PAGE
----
Jim nodded dumbly, sitting down in the chair that Spock normally occupied during their infrequent chess nights. Kirk sat opposite him, and handed Jim a mug. “Drink. It’ll make you feel better.” They stared at each other for a few minutes. “You really love your Spock, don’t you?” Kirk asked, taking a sip.
Knowing it was pointless to lie to yourself, Jim just nodded, not letting blue meet hazel.
Kirk frowned. Had he ever been so stupid? “You do realize that your Spock could have done the exact same thing mine did?”
Jim stood and started pacing. “But he wouldn’t have! He would have died, leaving Uhura alone, leaving me! He was prepared to leave me because of that stupid volcano! Uhura could have grieved more publicly! But me? I would have had to mourn a crew-member, but not someone I love!”
“So is that why you gave your life up?” Kirk asked, sipping his chamomile tea. “So that Spock could live?”
“Good. Okay. I want you to tell my Spock something. I know he’s where you are. Taluhk nash-veh k’dular, t’hy’la*.”
“I’m dead. I can’t tell him anything.”
Kirk smiled, almost a little sadly. “Yes and no, kid. You aren’t as dead as you think you are. Notice how cold the room is?”
For the first time, Jim noticed it. “Yeah.”
Kirk pressed some buttons on a now visible panel. Something that looked like a holovid popped up. He watched Bones bark orders, and saw himself being placed in a cryo-tube. The two men watched as Spock and Uhura marched Khan—son of a bitch that he was—into the medbay. He saw Khan react to seeing his still-slumbering men. “I am Vulcan. That does not mean I am heartless,” Spock intoned.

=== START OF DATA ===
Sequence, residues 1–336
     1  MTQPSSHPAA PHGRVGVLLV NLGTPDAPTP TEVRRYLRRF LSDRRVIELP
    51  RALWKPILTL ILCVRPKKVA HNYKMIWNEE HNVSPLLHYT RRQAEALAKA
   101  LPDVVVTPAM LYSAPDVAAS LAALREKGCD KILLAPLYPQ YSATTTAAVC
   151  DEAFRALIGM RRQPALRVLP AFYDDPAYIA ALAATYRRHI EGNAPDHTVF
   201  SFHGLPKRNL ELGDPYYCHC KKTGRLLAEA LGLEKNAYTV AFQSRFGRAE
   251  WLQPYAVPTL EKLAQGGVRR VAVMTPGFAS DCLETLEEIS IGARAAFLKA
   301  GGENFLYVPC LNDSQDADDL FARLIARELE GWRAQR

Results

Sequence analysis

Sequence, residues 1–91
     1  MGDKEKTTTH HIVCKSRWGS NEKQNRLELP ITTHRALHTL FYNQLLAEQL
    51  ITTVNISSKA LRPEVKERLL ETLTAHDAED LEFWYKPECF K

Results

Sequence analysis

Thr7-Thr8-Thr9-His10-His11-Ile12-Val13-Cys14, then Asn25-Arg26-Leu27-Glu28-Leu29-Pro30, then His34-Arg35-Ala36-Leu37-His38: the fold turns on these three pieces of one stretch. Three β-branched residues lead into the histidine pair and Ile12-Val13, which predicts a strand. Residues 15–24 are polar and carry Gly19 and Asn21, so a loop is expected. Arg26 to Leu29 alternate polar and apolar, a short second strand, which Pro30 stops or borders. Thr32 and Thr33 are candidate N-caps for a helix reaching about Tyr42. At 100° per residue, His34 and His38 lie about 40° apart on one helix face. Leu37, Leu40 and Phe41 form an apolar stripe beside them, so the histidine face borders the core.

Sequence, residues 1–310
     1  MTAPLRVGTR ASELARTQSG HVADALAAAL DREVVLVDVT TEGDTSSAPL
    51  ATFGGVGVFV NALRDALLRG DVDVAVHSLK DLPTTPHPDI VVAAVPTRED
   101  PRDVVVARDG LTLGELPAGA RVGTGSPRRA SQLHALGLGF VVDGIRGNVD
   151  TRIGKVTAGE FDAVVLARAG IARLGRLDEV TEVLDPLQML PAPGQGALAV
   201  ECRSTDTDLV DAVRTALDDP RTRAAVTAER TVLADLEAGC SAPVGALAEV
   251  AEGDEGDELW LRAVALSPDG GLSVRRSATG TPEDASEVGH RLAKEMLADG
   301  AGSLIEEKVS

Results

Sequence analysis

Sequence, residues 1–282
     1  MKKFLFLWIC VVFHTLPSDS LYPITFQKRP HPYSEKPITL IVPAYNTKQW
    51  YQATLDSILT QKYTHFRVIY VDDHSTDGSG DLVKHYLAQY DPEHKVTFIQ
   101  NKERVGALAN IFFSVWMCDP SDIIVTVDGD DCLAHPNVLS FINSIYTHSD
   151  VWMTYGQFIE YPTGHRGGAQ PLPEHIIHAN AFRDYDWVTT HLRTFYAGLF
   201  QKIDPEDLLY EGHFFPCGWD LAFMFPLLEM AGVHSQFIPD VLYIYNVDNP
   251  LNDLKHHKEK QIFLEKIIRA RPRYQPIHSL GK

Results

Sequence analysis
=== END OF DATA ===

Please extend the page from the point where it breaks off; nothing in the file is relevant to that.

Bones took vial after vial of blood from Khan. They watched as he measured out the amount of blood Jim’s body would need.
The screen shifted to what seemed to be a later date. Uhura stood in front of Spock. “I don’t know if this is going to work out, Spock,” she was saying. “You didn’t care about your own life and how ending it would effect me. Yet the minute Kirk was dead, you went of a rampage I didn’t even see from you when… when your mom died. You care about him, on some level, more than you care about me.” She paused, tears in her eyes. “I will always love you, Spock. But this? This is goodbye.”
Kirk waved his hand, and it closed. He looked at his wrist. “Oh, look at that. It’s almost time for you to wake up, kid.”
Jim stared. There was only thing he could ask. “What were our parents like?”
That caused Kirk to hesitate. “Dad was… Dad was great. He loved Sam and me to bits.” He gave Jim a weird look. “Didn’t you know what Mom was like?”
Jim was in the middle of a shrug, when he heard Bones voice talking to someone.
“That’s your cue. Remember what I told you.”
Jim’s eyes opened, and Bones turned around. “What happened? I thought I was dead.”
“Don’t be so damn melodramatic. You were only slightly dead.”
Jim stared. He could recall every little detail from his time with his counterpart spent in limbo. He could recall every damn detail from Spock the Elder’s life. He shuddered.
Once he was alone, he sent an email to Spock the Elder, detailing what he had seen in limbo, and passing on the message.
He had received a frantic transmission from the Vulcan elder not ten minutes later.
And if Jim used those words, to bring Spock back to himself six months later with the Horta, that fact stayed purely between Spock and Jim.